How to Attack an Overgrown Garden

Gardening is something that many of us have a good deal of experience with. A majority of us have spent hours upon hours working on our gardens over the years, gaining knowledge, and honing our skills. We also learn how to attack an Overgrown garden.

When it comes to gardening, you run into many different problems. Of course pests and diseases are a problem. So is the over production of an invasive crop. You can try to manage your garden in a certain way to minimize these problems but sometimes you have to think on your toes.

1. Attack the Weeds

Your overgrown garden may have become a jungle, but you don’t have to let it stay that way. If you missed your chance to prevent the garden from becoming a mess, a few steps can get it back in shape. The key is to organize your plan so you can attack the weeds and other problems as efficiently as possible.

Attack the weeds. Weeds are likely to be the biggest problem you face in an overgrown garden. They’re often the first thing that grows when a garden goes untouched. The best way to handle them is to use an herbicide spray like Roundup, which kills plants down to their roots.

If you want to avoid chemicals, try pulling up the weeds by hand with a weeding fork or a trowel. Be sure to wear gloves and long sleeves, as some weeds cause skin irritation, such as poison ivy and poison oak.

Prune bushes and shrubs. The next step is to prune any bushes or shrubs that have become overgrown or are blocking windows or walkways. Pruning shears work well for small branches, while larger branches may require loppers or tree trimmers. Once again, be sure to wear protective gear like heavy-duty gloves or eye protection when working around sharp objects.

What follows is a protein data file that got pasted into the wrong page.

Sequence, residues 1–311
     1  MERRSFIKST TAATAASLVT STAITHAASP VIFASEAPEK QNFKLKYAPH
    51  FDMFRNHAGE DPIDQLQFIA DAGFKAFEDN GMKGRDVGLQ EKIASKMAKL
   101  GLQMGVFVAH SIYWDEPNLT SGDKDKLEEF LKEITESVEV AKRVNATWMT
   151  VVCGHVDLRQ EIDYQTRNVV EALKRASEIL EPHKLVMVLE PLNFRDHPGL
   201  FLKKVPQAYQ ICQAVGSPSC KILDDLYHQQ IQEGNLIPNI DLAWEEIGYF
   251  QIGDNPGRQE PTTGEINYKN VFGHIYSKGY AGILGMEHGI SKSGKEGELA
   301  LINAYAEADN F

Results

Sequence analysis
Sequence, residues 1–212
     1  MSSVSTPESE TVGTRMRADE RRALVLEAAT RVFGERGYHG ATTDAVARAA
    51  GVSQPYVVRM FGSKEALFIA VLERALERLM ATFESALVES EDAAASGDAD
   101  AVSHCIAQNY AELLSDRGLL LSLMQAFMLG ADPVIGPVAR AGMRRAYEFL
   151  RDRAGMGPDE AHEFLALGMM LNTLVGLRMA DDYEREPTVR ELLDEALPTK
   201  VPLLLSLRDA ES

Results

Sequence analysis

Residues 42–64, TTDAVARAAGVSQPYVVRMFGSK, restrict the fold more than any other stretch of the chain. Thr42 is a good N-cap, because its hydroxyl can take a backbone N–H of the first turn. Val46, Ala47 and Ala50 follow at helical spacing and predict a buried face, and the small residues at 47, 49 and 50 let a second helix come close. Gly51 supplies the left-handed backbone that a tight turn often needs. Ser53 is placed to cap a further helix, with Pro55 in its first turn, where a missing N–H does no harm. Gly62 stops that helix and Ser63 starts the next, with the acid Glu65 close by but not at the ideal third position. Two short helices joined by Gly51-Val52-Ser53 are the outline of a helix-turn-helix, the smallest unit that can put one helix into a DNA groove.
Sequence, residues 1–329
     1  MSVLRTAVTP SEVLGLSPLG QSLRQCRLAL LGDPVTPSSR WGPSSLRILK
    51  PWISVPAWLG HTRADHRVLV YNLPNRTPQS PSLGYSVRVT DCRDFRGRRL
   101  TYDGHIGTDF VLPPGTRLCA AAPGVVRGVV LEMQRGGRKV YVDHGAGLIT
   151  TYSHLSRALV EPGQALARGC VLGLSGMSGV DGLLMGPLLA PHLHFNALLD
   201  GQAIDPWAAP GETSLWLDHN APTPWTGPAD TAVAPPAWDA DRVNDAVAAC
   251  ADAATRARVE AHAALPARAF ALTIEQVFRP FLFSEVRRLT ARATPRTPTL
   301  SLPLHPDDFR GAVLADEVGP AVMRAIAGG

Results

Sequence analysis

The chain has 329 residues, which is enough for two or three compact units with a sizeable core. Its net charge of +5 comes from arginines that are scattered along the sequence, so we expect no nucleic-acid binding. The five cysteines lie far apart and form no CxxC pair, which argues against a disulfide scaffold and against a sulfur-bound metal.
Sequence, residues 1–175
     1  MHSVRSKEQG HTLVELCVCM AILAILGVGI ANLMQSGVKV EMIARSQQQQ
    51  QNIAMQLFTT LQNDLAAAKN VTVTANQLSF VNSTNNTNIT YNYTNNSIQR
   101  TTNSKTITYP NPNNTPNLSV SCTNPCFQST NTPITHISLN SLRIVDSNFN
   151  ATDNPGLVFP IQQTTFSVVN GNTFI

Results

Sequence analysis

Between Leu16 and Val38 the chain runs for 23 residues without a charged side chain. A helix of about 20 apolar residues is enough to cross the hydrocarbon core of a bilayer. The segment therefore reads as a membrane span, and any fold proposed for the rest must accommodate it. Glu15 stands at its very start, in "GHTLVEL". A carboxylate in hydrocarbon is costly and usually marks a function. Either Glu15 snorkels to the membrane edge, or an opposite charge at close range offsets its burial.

2. Remove any Diseased Plants

You’ve probably seen how a garden can grow wild if it’s neglected for too long. Weeds, vines, and other invasive plants might take over an area, leaving you with an overwhelming task.

If the area is relatively small and not covered in thick grass or other vegetation, you can simply set to work pulling weeds and cutting down the vegetation. This is usually a good approach with flower gardens and raised beds, where the soil is loose enough that you don’t have to dig up the roots of plants.

Otherwise, follow these steps:

  • Remove any diseased plants. These should be disposed of right away, don’t put them in your compost heap or let them sit on top of the soil while you’re working. If they’ve already spread their disease to nearby plants, those may need to be removed as well.
  • Focus on removing the most aggressive or invasive plants first. In many cases, these will be weeds like dandelions and thistles, which are difficult to remove once they’ve taken root. Other plants worth removing include poison ivy, poison oak, poison sumac and kudzu.

3. Scrub Hard Surfaces, such as Paths and Walls

Overgrown gardens can look very unsightly, so it’s important to keep on top of your garden maintenance. If you’ve got an overgrown garden and don’t know where to start, read our guide to getting it back in order.

Scrub hard surfaces, such as paths and walls.